When I am well on my way with the explanation of your work, I’ll drop another note and, of course, I will anticipate that you will be as critical as you need to be. Thanks.

Bruce

****************

Bruce E. Camber

Third email: October 3, 2018, 8:55 PM

Dear Prof. Dr. John Ralston,

I am now reading your ResearchGate papers and ArXiv’s as fast as I can and yet slow enough to grasp your essence. To date, I had relied on Frank Wilczek’s encouragement, “Explore the Planck base units!” I asked, “Do they double? Can I multiply them by 2?” No real answer… “You can multiply them by anything you want!” (Sabine Hossenfelder) So, I ask, “Is it meaningful?” No real answer.

The path from infinity to pi. I’ve now also started that research of the Ralston collection. Is pi the first manifestation of physicality at the very beginning? Were the Planck base units in some measure present? Obviously I am not a big fan of Hawking, Guth and the Big Bang folks…

-Bruce

PS. I like your exaggerations! I’ll show you some of mine about your work soon.

****************

Bruce E. Camber

Second email: Tuesday, October 2, 2018, 2:28 PM

Dear Prof. Dr. John Ralston:

Do you stand by your article (ArXiv 2012)? If so, I will send it along to the Trinity College Dublin (TCD) folks.

Your articles are wonderful homework. I’ll read, and re-read until I begin to grasp all that you have said (to the best of my abilities). I am ready to wake up! It seems most of the IAS folks are rather sure of themselves, yet when I finish reading their work, often I feel like they’re hiding something… first, it seems that they really don’t want us to understand completely and then intimidate us to hold back all our questions.

Thank you again for your references. I’ll see if I can purloin or otherwise buy a copy of your book. Would Max Planck and Frank Wilczek applaud? I hope so. – Bruce

- How to Understand Quantum Mechanics, John P. Ralston, The University of Kansas ISBN: 9781681741628 • eBook ISBN: 9781681742267, May, 2018
- Emergent un-Quantum Mechanics © 2013 Ralston
- Revising Your World–View of the Fundamental Constants, October 2013
- METROLOGY:
*Measurement of the fine-structure constant as a test of the Standard Model*, Parker et al., Science 360, 191–195 (2018) 13 April 2018Bruce E. Camber

First email: Sunday, Sep 30, 2018, 4:22 PM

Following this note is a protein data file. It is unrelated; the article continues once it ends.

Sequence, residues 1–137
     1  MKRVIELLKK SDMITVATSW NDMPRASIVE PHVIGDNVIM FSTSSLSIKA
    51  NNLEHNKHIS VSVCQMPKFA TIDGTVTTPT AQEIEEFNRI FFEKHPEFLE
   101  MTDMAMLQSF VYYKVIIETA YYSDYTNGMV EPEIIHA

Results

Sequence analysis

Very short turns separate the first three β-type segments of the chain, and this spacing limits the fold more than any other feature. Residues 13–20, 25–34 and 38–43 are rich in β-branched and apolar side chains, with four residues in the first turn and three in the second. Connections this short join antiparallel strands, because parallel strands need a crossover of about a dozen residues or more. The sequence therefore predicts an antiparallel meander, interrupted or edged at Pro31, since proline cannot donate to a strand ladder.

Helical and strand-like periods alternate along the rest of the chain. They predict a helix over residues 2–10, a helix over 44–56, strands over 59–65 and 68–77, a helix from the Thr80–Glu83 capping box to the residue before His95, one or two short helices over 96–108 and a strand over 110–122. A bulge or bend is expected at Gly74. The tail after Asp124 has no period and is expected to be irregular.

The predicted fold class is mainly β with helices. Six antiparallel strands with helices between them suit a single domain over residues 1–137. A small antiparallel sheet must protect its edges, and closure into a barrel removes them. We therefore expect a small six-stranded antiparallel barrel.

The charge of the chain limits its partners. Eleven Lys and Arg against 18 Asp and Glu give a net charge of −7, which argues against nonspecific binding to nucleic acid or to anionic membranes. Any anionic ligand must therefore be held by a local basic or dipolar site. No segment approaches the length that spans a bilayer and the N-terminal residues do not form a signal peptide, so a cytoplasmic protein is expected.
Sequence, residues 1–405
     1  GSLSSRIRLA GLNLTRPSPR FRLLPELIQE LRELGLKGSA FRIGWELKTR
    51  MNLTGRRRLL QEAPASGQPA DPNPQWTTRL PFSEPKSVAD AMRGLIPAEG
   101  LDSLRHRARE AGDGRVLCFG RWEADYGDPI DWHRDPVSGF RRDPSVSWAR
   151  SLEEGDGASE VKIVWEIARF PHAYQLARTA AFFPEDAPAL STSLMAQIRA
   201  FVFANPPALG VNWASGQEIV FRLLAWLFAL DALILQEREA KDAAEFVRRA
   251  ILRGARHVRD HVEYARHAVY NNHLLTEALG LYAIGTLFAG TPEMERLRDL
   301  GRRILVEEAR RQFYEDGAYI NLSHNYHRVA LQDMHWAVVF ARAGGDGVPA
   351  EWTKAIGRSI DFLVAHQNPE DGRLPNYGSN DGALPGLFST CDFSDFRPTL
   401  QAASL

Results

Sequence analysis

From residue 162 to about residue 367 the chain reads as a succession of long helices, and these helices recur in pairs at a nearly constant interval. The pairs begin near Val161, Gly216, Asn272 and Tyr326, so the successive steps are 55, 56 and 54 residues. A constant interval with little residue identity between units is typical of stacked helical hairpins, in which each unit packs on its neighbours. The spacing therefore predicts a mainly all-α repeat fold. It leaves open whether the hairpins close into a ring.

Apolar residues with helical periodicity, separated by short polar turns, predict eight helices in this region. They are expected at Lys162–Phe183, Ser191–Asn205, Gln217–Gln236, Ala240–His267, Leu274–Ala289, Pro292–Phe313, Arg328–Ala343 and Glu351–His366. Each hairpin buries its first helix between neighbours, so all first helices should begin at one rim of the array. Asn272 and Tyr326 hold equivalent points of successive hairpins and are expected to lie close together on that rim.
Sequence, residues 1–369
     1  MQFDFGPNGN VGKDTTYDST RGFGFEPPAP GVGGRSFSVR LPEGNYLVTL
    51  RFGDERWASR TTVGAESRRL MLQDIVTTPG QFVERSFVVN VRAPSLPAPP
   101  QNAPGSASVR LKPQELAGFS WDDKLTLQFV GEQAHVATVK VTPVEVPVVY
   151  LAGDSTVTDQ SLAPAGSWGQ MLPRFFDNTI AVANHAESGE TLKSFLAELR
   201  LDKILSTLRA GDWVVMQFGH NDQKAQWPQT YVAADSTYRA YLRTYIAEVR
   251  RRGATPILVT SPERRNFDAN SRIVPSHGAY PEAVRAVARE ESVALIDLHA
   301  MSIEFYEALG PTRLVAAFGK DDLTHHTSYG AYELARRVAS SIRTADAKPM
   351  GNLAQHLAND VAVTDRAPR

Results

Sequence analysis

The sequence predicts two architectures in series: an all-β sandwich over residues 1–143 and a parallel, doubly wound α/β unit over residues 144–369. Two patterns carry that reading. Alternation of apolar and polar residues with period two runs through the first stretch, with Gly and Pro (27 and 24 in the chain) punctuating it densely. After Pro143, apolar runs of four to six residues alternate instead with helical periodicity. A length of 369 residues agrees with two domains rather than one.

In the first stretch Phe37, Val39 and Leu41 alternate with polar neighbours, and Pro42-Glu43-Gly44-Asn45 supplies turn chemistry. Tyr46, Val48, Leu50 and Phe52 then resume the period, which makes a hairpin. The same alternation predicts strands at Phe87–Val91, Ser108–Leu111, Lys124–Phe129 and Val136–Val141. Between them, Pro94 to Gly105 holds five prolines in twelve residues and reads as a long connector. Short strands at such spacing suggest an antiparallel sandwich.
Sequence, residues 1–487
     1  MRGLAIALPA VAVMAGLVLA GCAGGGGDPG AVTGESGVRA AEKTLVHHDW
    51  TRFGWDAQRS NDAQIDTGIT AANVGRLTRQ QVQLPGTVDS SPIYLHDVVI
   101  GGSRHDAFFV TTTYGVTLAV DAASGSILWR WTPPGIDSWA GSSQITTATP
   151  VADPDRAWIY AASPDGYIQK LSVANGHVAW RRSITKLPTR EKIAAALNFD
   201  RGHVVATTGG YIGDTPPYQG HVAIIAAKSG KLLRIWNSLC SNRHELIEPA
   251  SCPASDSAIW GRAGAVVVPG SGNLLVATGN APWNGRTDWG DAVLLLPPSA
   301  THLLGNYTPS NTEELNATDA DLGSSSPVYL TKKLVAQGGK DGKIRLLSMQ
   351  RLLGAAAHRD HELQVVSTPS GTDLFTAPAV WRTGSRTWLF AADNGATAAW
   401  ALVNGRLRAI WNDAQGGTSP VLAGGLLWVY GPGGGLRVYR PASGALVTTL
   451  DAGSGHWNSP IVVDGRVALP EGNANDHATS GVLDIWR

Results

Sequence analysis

Dear Prof. Dr. John Ralston:

Thank you for your work over six years ago (25 Mar 2012) on “Quantum Theory without Planck’s Constant” found here within ArXiv:https://arxiv.org/abs/1203.5557 PDF

Are there subsequent un-ArXived papers about his work? Do you stand by it? I hope so. In your conclusions you said,”There is still a place for standardizing Planck’s constant, just as standardizing other units is important to engineering and commerce.” Yet, your analysis is so entirely informative of the history that has transpired. Very helpful.

I would like to send those ArXiv references along to the folks at Trinity College Dublin’s School of Physics and the Trinity College Dublin’s Centre for Research on Advanced Nanostructures and Nanodevices (CRANN), particularly to their folks making this claim:

“One of the measurable characteristics of a beam of light is known as angular momentum. Until now, it was thought that in all forms of light the angular momentum would be a multiple of Planck’s constant (the physical constant that sets the scale of quantum effects).”

This is an important topic, especially in light of Sir Michael Atiyah‘s recent publication of “The fine-structure constant” (α).

Thank you.

Most sincerely,

Bruce

****************

Bruce Camber

# Peebles, P. James E.

James Peebles

Jadwin Hall, Washington Road

Department of Physics at Princeton University

Princeton, New Jersey 08544

Articles: *Big Bang theory*, Nature, November 2019*Top cosmologist’s lonely battle against ‘Big Bang’ theory*, Ivan Couronne, Issam Ahmed

ArXiv (2): Discovery of the Hot Big Bang: What happened in 1948

Books: Cosmology’s Century: An Inside History of Our Modern Understanding of the Universe, 2020 (Preview); Finding The Radiation from the Big Bang (PDF), P. J. E. Peebles and R. B. Partridge, Jan. 2007

Homepage

inSPIRE^{HEP}

Nobel Laureate

Twitter

Wikipedia

YouTube

Second email: 13 May 2021

My dear Nobel laureate and emeritus Professor Dr. James Peebles:

Your comments to Ivan Couronne and Issam Ahmed for Phys.Org’s, November 14, 2019 article, have been weighing on my mind. I wondered, “Within our simple construct, what might be the logical progression, the very first steps?” The result: https://81018.com/starts/

Is there any merit to it? Thank you.

Most sincerely,

Bruce

PS. Would you like me to send it to you as a PDF? Thanks. -BEC.

**************

Bruce E. Camber

214-801-8521

http://81018.com

https://81018.com/bec/

First email 23 March 2021